Roland Roland - 2 months ago 7
C Question

Assigning *&array to a pointer

The following excerpt is from Harbinson, Steele C: A Reference Manual (5th Edition). According to the book the two assignments to

p
are equivalent.

7.5.6 Address Operator

int a[10], *p;
p = a; p = *&a;


Yet, according to the C faq Question 6.12
a
is of type pointer to
int
whereas
&a
is of type pointer to array of
int
.

So we should get a type error in the second assignment
p = *&a
because we are trying to assign an array of
int
to a pointer.

Why is the assignment
p = *&a
correct?

Answer

Quoting C11, chapter §6.5.3.2, Address and indirection operators,

The unary * operator denotes indirection. [....] If the operand has type ‘‘pointer to type’’, the result has type ‘‘type’’. [....]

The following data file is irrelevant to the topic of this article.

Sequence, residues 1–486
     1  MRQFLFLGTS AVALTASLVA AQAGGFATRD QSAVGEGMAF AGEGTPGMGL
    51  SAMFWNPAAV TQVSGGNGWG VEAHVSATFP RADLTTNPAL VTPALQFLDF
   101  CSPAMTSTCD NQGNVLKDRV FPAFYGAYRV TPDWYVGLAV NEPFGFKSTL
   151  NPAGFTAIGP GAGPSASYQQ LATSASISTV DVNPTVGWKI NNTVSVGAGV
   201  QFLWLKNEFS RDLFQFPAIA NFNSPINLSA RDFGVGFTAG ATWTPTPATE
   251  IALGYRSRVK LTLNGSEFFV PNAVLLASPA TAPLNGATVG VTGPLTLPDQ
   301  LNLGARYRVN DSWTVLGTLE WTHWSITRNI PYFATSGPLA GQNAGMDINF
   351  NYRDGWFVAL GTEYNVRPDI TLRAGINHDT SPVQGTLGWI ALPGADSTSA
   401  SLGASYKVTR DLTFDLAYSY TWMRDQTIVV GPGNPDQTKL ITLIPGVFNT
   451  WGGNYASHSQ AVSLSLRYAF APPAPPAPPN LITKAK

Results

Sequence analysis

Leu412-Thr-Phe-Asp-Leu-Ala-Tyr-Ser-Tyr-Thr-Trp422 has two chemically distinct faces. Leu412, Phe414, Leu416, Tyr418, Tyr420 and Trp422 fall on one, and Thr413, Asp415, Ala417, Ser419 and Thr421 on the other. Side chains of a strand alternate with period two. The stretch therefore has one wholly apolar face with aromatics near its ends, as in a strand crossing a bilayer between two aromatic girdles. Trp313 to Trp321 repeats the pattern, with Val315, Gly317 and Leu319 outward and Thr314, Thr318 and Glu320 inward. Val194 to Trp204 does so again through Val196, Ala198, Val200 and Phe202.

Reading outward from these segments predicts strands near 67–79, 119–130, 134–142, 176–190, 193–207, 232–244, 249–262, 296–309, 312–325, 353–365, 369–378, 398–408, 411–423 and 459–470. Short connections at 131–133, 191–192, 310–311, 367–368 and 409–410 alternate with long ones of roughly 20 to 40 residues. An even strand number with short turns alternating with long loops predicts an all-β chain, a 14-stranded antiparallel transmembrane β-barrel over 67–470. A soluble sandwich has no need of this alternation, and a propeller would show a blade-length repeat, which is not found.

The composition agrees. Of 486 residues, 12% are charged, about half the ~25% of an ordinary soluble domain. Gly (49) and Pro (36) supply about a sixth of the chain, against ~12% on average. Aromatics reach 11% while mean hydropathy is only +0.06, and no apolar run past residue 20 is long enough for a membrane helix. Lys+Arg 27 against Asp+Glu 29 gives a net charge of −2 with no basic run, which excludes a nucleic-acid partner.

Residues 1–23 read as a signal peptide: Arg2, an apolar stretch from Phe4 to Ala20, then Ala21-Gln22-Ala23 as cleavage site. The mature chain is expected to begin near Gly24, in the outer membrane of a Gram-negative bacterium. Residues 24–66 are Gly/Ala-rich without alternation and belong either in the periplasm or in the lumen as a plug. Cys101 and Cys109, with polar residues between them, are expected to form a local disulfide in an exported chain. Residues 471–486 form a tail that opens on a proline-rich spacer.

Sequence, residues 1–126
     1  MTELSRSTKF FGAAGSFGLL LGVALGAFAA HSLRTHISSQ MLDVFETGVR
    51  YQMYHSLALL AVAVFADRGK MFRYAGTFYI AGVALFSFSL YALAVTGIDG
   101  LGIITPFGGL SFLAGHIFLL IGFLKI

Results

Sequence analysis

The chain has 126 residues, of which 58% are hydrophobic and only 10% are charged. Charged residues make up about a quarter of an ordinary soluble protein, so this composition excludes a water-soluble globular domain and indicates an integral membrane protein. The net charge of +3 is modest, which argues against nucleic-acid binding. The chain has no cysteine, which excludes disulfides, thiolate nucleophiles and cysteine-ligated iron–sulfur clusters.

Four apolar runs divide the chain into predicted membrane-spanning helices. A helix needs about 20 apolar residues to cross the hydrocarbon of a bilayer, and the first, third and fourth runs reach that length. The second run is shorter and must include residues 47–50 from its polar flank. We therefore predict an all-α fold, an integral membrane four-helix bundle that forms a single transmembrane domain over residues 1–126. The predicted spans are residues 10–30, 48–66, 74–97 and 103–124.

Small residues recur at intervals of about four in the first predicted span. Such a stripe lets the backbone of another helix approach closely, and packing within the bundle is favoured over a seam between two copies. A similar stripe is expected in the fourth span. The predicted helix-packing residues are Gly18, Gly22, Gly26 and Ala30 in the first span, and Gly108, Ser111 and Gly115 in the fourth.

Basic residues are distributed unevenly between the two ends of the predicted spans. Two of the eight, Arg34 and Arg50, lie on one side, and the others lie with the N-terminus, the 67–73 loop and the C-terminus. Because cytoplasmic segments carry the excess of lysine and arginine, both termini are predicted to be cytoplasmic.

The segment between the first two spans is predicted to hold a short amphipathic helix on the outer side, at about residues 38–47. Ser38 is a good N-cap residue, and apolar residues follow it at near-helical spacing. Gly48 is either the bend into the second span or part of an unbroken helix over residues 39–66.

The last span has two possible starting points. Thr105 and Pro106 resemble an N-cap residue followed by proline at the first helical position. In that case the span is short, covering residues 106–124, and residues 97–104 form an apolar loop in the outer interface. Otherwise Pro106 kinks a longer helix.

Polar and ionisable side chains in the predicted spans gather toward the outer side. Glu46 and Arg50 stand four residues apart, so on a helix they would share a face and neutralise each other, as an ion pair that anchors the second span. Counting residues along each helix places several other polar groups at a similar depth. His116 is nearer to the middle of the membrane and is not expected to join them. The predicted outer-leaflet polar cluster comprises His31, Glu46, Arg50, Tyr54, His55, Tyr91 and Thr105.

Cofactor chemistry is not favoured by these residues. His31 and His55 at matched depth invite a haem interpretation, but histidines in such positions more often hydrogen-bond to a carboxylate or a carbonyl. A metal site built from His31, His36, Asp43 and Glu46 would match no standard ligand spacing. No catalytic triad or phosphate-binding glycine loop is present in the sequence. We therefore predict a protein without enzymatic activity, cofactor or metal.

So, for p = *&a;,

  • &a is a pointer to "array of ints".
  • *&a is an array type.

Now, when used in RHS of assignment, an array type decays to pointer to the first element of the array, an int *.

Quoting C11, chapter §6.3.2.1

Except when it is the operand of the sizeof operator, the _Alignof operator, or the unary & operator, or is a string literal used to initialize an array, an expression that has type ‘‘array of type’’ is converted to an expression with type ‘‘pointer to type’’ that points to the initial element of the array object and is not an lvalue. [...]

Hence, there's no warning/ error reported.

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